Recent student movement for and against reservation in India

93RD Amendment of Indian constitution and the policy of hike in reservation by the ‘United Progressive Alliance’-Government.

Again after a decade and more Indian government has added new fuel to the fire of discontent of the youth and students by modifying the existing policy of reservation and has decided to implement a hike in reservation from 22.5% to 50% at one blow especially in higher studies and professional courses like medical, engineering and management courses in April06 in accordance with the 93rd amendment of he Indian constitution, adopted in last December 2005;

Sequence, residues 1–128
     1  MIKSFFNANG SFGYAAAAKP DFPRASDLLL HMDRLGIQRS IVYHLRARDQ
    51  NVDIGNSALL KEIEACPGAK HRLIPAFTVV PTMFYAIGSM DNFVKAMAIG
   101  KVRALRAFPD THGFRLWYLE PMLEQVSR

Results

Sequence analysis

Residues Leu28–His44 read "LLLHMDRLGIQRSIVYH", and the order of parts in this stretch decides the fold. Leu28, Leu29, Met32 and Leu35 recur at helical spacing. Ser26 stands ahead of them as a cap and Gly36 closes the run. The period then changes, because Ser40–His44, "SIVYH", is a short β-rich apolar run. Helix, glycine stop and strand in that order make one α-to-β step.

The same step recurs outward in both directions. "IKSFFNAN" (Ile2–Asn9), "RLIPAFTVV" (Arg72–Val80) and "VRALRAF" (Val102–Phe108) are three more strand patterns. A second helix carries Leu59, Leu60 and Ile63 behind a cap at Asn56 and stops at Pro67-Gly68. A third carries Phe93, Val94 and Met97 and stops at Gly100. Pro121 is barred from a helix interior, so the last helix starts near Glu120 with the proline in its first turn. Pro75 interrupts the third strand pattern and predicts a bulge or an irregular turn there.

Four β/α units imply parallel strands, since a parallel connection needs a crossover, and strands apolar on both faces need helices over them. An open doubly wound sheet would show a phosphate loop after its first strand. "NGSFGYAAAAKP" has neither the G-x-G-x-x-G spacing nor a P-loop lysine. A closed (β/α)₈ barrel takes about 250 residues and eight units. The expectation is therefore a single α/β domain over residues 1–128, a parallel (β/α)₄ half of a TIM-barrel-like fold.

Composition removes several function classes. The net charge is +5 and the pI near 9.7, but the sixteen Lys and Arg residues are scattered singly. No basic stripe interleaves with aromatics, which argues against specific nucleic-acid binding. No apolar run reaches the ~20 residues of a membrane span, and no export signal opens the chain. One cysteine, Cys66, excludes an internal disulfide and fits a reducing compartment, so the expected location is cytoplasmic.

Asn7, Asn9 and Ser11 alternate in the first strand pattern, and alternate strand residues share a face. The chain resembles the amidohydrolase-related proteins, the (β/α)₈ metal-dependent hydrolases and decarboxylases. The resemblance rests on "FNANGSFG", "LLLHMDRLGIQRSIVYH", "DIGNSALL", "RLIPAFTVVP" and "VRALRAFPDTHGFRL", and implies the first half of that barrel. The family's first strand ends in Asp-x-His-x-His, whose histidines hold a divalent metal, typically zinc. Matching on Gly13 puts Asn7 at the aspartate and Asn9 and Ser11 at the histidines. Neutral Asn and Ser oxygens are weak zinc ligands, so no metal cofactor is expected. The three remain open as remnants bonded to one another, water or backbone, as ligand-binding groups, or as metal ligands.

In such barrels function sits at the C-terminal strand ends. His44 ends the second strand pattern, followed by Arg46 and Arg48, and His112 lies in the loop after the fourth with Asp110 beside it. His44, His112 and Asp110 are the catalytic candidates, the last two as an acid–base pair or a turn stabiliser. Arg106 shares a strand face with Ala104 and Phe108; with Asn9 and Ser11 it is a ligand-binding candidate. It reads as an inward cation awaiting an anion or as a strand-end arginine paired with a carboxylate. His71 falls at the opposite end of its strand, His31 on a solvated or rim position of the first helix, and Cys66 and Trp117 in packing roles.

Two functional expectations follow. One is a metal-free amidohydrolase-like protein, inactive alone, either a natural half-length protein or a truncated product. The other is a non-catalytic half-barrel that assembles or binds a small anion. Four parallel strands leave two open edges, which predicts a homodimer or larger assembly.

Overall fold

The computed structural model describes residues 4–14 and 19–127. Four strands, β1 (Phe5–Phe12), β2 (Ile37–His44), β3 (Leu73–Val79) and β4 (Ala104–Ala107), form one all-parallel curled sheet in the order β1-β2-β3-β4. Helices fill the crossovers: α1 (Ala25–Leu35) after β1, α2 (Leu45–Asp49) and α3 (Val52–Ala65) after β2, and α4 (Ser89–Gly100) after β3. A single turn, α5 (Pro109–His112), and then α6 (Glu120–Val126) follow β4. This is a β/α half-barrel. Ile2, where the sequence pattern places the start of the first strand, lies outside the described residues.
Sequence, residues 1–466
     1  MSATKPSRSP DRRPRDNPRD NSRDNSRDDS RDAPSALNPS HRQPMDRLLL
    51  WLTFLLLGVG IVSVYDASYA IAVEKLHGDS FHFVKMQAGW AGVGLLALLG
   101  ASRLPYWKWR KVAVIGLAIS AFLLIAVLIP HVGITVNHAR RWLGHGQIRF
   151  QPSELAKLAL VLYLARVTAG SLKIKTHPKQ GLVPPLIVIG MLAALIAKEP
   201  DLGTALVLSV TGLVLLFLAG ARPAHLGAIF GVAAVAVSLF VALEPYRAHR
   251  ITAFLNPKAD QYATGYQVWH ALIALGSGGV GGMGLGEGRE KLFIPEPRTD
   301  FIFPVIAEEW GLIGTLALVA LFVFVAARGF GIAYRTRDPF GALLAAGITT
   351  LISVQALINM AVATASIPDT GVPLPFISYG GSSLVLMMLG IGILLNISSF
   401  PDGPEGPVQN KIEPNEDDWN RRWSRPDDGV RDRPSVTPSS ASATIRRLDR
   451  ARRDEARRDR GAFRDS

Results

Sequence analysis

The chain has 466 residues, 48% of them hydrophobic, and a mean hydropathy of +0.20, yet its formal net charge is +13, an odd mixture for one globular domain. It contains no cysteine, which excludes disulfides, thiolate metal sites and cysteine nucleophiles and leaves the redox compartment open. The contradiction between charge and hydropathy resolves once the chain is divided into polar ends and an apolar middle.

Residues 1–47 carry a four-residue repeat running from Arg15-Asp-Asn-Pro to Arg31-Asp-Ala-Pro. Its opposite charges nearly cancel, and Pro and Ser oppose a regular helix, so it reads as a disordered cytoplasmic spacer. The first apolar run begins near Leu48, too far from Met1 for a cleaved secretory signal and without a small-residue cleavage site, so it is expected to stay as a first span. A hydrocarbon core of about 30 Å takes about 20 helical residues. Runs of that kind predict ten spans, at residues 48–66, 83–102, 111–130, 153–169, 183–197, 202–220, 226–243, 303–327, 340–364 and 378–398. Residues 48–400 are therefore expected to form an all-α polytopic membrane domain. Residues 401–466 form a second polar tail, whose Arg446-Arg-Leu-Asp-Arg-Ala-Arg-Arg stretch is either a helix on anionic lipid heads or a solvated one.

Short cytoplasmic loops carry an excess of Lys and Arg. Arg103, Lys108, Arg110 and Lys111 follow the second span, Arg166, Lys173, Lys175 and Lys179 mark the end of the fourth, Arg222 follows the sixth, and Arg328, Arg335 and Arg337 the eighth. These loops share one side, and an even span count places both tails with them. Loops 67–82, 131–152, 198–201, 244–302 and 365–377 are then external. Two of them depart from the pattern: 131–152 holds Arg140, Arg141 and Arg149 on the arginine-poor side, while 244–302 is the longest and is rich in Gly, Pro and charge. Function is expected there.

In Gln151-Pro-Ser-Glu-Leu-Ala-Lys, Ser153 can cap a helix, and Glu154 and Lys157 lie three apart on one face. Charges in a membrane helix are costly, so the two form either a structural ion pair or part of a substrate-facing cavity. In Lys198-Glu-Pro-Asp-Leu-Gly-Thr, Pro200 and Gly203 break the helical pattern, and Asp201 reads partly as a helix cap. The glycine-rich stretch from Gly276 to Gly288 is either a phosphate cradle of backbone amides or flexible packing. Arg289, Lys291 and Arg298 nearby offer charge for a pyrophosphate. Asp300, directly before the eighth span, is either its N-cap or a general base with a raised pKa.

The Working Class in the US Returns to the Path of the Class Struggle

Clearly the proletariat in the U.S. is completely inscribed in the same generalized return to struggle that has been occurring on the international level since 2003, as the world working class struggles to emerge from the disorientation, confusion and reflux in consciousness that ensued after the fall of the two bloc system at the end of the 1980s, which was so deep and so profound that in many ways the proletariat, while not defeated in the historic sense, experienced great difficulty in even recognizing is own identity as a class and in having confidence in itself as a class with the capacity to defend itself.

Asda, Post Office: Unity of unions and management against workers